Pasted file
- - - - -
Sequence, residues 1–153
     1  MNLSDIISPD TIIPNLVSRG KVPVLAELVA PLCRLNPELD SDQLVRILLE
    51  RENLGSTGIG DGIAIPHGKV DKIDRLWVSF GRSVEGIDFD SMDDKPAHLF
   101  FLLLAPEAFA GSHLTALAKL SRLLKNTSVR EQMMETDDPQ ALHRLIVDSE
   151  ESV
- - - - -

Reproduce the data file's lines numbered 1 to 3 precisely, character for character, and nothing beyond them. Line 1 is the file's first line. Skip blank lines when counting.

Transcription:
Sequence, residues 1–153
     1  MNLSDIISPD TIIPNLVSRG KVPVLAELVA PLCRLNPELD SDQLVRILLE
    51  RENLGSTGIG DGIAIPHGKV DKIDRLWVSF GRSVEGIDFD SMDDKPAHLF